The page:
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ERIC Number: ED553010
Record Type: Non-Journal
Publication Date: 2013
Pages: 147
Abstractor: As Provided
Reference Count: N/A
ISBN: 978-1-3030-2583-9
Indian Education: Causal Comparative Research of Oral Reading Fluency for Native American First Graders
Redgrave, Crystal J.
ProQuest LLC, Ph.D. Dissertation, Capella University
Despite the reading research over the past forty years, there is a dearth of research in early literacy skills for Native American students. More specifically, there is a shortage of quantitative research for this population. The purpose of this quantitative causal comparative study was to determine if there is a significant difference in the oral reading fluency scores of Native American first-grade students of high-density schools and Native American first-grade students of low-density schools. The sample for this study included 330 first grade Native American students (264 from high-density and 66 from low-density schools). The research was framed about several theories. These include LaBerge and Samuels's automaticity theory and Perfetti's verbal efficiency theory. Ehri's model for reading acquisition was used to understand how reading skills are acquired for early readers. The Coleman Report was used to understand the non-school factors that affect student achievement. Collectively, these resources helped to interpret the data derived from the study. The oral reading fluency scores (R-CBM) were compared between high-density and low-density schools. Gender, socioeconomic status (SES), school attendance, and the early literacy skills, phonemic awareness and alphabetic knowledge were compared by school type. The findings indicated that R-CBM were statistically different between school types. Thus, the alternative hypothesis was accepted and the null hypothesis was rejected. The findings regarding gender and SES showed a statistically difference between school types when comparing R-CBM. The alternative hypotheses for were accepted for Research Questions 2 and 3. Findings from Research Questions 4-6, which included variables school attendance, phonemic awareness, and alphabetic knowledge did not show a significant difference between school types on R-CBM. The implications for this research show that non-school factors (school type, gender, and SES) statistically impact reading outcomes at first grade. These results suggest schools address these factors when determining instruction, curriculum, and policies. [The dissertation citations contained here are published with the permission of ProQuest LLC. Further reproduction is prohibited without permission. Copies of dissertations may be obtained by Telephone (800) 1-800-521-0600. Web page:]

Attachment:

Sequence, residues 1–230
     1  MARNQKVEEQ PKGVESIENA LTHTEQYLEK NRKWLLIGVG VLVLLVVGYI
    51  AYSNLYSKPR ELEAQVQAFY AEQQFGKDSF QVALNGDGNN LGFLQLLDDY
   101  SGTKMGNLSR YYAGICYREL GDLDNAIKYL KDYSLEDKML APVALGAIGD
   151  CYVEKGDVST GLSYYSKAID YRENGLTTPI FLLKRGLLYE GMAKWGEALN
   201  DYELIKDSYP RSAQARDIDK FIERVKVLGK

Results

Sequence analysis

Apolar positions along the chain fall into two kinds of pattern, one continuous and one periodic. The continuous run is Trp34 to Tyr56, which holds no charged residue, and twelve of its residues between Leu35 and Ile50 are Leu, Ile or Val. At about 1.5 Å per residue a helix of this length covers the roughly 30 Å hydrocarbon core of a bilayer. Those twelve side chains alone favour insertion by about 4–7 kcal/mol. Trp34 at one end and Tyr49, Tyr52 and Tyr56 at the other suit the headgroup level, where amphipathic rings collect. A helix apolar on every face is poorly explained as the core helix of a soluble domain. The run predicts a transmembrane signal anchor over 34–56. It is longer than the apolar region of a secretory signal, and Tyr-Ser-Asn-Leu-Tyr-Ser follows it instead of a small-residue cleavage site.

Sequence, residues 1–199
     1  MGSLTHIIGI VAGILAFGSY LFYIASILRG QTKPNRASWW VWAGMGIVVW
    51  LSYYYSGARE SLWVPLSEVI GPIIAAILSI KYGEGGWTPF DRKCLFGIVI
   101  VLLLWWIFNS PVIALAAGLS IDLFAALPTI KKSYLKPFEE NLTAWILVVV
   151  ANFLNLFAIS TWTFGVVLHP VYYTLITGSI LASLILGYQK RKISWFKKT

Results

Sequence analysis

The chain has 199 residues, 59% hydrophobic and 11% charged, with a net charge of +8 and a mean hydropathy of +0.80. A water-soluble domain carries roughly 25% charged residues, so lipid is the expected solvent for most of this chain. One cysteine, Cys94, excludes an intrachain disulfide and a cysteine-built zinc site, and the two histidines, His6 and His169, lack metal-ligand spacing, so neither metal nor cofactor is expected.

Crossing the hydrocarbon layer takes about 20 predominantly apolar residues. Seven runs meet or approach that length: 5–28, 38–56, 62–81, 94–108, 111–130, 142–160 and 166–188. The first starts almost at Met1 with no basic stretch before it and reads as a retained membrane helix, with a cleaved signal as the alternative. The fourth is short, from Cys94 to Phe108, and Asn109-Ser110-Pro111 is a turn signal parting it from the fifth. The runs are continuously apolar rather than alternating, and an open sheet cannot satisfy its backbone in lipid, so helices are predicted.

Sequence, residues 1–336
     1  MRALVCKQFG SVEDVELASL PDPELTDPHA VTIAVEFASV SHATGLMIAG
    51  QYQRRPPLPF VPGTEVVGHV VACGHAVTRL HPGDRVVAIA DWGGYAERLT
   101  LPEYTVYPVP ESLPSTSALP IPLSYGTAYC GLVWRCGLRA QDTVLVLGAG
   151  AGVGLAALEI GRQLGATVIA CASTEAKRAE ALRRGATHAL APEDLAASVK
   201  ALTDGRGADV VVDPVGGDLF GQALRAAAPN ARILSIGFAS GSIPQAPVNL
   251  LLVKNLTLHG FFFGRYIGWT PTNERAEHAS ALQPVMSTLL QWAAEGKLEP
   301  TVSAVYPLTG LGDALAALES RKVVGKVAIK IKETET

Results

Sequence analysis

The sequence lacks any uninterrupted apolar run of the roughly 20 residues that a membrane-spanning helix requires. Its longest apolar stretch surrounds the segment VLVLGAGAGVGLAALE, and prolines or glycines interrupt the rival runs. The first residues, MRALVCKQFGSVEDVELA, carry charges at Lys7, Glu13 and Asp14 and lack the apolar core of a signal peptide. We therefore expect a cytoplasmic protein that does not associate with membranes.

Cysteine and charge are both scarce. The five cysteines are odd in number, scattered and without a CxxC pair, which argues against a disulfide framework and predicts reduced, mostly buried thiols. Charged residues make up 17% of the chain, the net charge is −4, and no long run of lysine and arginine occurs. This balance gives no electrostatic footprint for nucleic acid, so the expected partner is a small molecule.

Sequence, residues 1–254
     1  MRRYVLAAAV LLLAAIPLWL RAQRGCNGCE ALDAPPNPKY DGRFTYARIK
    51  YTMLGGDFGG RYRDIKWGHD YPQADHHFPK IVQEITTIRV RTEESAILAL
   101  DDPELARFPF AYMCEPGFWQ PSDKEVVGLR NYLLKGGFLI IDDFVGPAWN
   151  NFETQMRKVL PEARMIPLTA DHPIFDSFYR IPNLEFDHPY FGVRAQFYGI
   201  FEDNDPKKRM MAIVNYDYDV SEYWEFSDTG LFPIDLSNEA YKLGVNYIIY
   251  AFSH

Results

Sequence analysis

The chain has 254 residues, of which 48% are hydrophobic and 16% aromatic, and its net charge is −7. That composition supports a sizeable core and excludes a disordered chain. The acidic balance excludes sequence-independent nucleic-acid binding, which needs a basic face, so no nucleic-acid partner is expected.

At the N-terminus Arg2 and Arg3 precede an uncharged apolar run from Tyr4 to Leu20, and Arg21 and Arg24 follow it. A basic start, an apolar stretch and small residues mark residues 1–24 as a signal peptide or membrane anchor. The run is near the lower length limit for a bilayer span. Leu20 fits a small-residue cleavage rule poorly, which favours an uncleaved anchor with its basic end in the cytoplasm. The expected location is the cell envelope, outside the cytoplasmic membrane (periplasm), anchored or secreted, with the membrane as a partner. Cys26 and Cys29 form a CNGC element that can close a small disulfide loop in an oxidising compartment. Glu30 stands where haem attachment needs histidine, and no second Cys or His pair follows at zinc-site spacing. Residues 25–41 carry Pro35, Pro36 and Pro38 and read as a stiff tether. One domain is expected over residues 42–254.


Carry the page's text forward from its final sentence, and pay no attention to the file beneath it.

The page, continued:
ProQuest LLC. 789 East Eisenhower Parkway, P.O. Box 1346, Ann Arbor, MI 48106. Tel: 800-521-0600; Web site:
Publication Type: Dissertations/Theses - Doctoral Dissertations
Education Level: Grade 1; Primary Education; Elementary Education; Early Childhood Education
Audience: N/A
Language: English
Sponsor: N/A
Authoring Institution: N/A